MAASTRICHT. Maastricht boasts a number of large extra student complexes since this summer. Former offices on the Bassin, the Hertogsingel and on the Dokter Nevenstraat in Scharn have been completely stripped and renovated. In total, more than three hundred independent studios were added. The letting agents are not complaining about lack of occupancy. “Everything was gone within five weeks.” In Randwyck, where prefabricated ‘container homes’ arrived at premises of Maastricht University in June, things are progressing a little slower.
At the beginning of this week, Maastricht University shared the new provisional registration figures: the student population has grown to almost 20 thousand students (in 2019 the counter stood at about 19 thousand). And despite the largely online education, they are coming to Maastricht in droves. Whoever offers a room for rent on the popular Facebook page Rooms/Kamer/Zimmer is sure to get twenty reactions from seekers within a short space of time. In many new student complexes, the studios went like hot cakes.
All 197 studios by Bassin Student Housing on the inland harbour and H83 (Hertogsingel) have been rented out, the website says in large letters. Both buildings are from the same commercial party: Mulleners Vastgoed. Students pay 530 euro rent.
In the Wauwhaus on the Dokter Nevenstraat, a renovated office building close to the Kennedy bridge, all 127 beds are also occupied. It went very quickly, “everything was rented within five weeks,” says Tom Kissels from Huizen Beheer Maastricht, “and that without actual viewings”. All the marketing was done online, mainly through social media. Seventy-eight foreign students arrived there, mainly Belgians and Germans, but also Italian and Spanish students. Besides furnished studios for a single person, the Wauwhaus also has a few apartments for groups of two or four people. The rent for a single-person studio is about 700 euro.
XIOR, a large Belgian student housing company with roughly 1,300 studios and rooms in Maastricht (including the large complexes Carré and the former Bonnefantencollege on the Tongerseweg), already rented the last apartments in the renovated Bonnefantencollege last December. By now, their ‘portfolio’ has also been filled to a large extent, head office stated.
In Randwyck, the area where the city of Maastricht is envisioning large-scale student housing, things are not moving so quickly. Of the 252 rooms that were built and furnished this summer on the grounds of the UM’s former sports hall “a dozen or so rooms” have indeed been rented, but there are still a “sufficient number available”, manufacturer C3Living reported. The cabins – which were built in the factory in Panningen and transported to Maastricht – have been piled three-high. The basic rent is 427 euro per month. Another 200 euro is added for service charges, soft- and other furnishing costs and a maintenance subscription.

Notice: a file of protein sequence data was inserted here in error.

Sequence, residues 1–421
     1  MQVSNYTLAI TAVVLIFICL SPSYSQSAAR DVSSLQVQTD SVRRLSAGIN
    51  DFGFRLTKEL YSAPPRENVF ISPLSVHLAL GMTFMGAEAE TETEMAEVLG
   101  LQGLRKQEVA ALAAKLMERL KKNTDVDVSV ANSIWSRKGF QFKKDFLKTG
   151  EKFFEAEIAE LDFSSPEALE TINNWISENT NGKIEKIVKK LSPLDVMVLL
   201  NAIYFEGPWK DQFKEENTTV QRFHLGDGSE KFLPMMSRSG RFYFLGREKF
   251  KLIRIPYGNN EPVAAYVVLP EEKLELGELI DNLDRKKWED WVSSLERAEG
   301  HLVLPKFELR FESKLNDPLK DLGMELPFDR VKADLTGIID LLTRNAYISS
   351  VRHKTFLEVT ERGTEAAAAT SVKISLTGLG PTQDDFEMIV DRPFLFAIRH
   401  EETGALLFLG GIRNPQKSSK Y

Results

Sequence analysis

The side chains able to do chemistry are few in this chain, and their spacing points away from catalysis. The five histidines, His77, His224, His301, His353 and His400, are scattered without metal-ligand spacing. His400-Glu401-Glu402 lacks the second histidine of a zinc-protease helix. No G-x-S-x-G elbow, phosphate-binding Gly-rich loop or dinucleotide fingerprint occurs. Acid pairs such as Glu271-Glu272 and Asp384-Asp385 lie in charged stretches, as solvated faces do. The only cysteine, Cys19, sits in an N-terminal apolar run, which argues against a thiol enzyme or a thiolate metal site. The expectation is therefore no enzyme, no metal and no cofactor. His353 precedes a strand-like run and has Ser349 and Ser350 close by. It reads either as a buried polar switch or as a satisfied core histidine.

For providers focusing on exchange students – with contracts for a number of months up to a year – the picture is not so rosy. Students often aren’t coming because of the COVID-19 measures. For this reason, about 30 per cent of the accommodation in Maastricht University’s Guesthouse, which provides primarily for short-stay groups, is empty.
Wendy Degens, Yuri Meesen
Student Accommodation city
Maastricht was voted the best Student Accommodation City of 2019 by the National Student Union (LSVb) in July. The prize is awarded annually to the city that sets itself apart facilitating student rooms. “Maastricht excelled this year with its powerful dissemination of information in English, which helps students who are searching for a room,” LSVb wrote in a press release. They referred to the website www.mymaastricht.nl. In addition, projects such as Match Maastricht (you pay less rent in exchange for helping out in the local community) and the ‘Keurmerk Prettig Wonen’ certification are regarded as examples of best practices. Buildings are given this certification when they meet various requirements, such as fire safety, anti-burglary measures and a contact point/person in case of disturbance in the neighbourhood.
A pilot started this summer in Maastricht: Huurteam Zuid-Limburg (Rental Team South Limburg). Maastricht University, the city and Economische Samenwerking Zuid-Limburg are financing the project for sixteen months.
The Housing Helpdesk, from which the Rental Team has sprung and which worked from the UM’s Student Services Centre, has existed for five years. With the extra subsidy, the Rental Team will extend its activities: in addition to students who need help and advice on legal ‘rental issues’ (deposits that are not repaid, disputes about service costs and rent prices) other occupants of council housing in the region are also welcome.
For more information: huurteam-zuidlimburg.nl